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Interplay between Spinodal Decomposition and Gelation and Their Role in Two- and Three-Dimensional Pattern Formation at the Gelatin Gel Surface

Sasaki, Kazuto, Itatani, Masaki, Sato, Daisuke, Unoura, Kei, Nabika, Hideki
Journal of physical chemistry 2019 v.123 no.22 pp. 13782-13788
fluorescence, gelatin, gelatinization temperature, gelation, microscopy, models, starch, sugars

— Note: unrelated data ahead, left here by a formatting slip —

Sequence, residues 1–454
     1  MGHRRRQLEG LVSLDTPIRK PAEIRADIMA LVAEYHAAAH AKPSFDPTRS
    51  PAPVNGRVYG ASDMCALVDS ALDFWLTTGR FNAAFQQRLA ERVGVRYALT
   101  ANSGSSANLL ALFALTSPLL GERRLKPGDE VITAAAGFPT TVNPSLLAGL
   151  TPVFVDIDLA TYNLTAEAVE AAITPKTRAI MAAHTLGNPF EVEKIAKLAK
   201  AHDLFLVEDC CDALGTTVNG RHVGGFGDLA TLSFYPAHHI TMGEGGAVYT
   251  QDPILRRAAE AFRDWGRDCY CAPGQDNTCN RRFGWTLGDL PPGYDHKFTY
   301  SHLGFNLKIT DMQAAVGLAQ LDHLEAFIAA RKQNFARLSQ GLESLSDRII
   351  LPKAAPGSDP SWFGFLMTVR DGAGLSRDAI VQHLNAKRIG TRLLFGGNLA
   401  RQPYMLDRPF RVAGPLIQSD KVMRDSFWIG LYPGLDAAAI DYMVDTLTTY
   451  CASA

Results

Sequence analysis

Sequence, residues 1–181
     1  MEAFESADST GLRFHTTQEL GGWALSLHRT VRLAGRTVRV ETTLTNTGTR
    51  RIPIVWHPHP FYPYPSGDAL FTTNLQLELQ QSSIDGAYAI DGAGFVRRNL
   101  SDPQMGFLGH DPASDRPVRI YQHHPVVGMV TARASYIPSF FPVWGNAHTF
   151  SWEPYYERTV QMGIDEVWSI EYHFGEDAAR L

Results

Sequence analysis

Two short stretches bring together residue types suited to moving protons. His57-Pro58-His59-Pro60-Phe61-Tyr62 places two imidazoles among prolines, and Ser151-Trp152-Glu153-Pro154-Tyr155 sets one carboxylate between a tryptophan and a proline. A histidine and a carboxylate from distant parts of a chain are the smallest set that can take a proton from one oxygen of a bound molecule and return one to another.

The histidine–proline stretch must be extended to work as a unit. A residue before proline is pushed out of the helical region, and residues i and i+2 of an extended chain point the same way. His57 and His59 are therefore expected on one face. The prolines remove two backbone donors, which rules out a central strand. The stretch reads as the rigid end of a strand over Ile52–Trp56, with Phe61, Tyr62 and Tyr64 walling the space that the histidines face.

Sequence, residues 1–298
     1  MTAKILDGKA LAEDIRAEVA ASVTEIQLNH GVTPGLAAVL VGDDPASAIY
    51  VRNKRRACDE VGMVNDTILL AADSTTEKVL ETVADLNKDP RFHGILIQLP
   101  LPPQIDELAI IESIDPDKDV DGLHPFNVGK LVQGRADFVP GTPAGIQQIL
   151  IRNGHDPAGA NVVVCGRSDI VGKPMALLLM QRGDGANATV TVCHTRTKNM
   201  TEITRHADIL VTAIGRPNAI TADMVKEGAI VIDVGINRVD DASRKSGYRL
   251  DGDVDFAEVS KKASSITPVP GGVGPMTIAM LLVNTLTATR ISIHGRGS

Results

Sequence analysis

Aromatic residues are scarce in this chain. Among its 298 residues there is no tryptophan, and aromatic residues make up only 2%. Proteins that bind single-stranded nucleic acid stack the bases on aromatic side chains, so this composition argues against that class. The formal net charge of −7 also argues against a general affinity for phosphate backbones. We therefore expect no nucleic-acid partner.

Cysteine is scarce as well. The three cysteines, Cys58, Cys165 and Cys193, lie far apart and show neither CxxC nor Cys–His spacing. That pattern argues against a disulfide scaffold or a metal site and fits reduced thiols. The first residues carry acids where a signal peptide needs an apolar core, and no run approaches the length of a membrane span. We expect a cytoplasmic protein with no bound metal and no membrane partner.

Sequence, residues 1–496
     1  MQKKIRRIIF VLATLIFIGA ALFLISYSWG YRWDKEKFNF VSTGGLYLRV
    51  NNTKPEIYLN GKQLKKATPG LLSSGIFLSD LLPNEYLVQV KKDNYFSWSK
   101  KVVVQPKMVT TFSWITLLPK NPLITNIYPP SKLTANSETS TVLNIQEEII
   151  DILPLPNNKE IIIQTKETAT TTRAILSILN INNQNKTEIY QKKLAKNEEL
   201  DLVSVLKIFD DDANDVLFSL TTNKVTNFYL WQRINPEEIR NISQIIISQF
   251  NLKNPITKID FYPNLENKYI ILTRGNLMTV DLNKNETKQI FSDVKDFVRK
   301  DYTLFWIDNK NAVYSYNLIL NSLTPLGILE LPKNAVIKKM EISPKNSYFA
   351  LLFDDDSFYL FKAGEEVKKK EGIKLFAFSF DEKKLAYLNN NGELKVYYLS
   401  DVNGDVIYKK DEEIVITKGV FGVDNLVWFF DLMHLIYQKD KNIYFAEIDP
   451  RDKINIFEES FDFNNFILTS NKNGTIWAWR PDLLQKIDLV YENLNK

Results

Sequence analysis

Understanding the mechanisms underlying the spontaneous formation of Liesegang patterns based on the prenucleation and postnucleation models is of critical importance for understanding pattern formation in nature. In contrast to the rapid experimental and theoretical advances in understanding within the framework of the prenucleation model, discussion of the postnucleation model is mostly limited to numerical analysis. To construct a standard model for a chemical experiment discussed in terms of the postnucleation model, we have investigated the pattern formation mechanism in a mixed system containing gelatin, starch, and sugar. Fluorescence and differential interference contrast microscopy revealed a process of two-dimensional spinodal decomposition into gelatin-rich and gelatin-poor phases. Since the gelation temperature of the gelatin-rich phase was higher, spatially periodic gelation proceeded selectively in the gelatin-rich phase. As both two-dimensional spinodal decomposition and three-dimensional gelation occurred above the gelation temperature of the initial sol solution, we propose that these patterns form by two-dimensional spinodal decomposition into gelatin-rich and gelatin-poor phases followed by gelation in the gelatin-rich phase, which yields the spatially periodic, three-dimensional patterns of the gelatin gel. Pattern geometry was found to be dependent on sample size or shape. Although three geometries—labyrinth, one-directional, and intermediate patterns—appeared in a circular Petri dish, only a one-directional banded pattern formed in a rectangular cell. We present a good experimental system, in which the correlation of the spacing and other empirical laws with a theoretical basis is possible within the framework of the postnucleation model.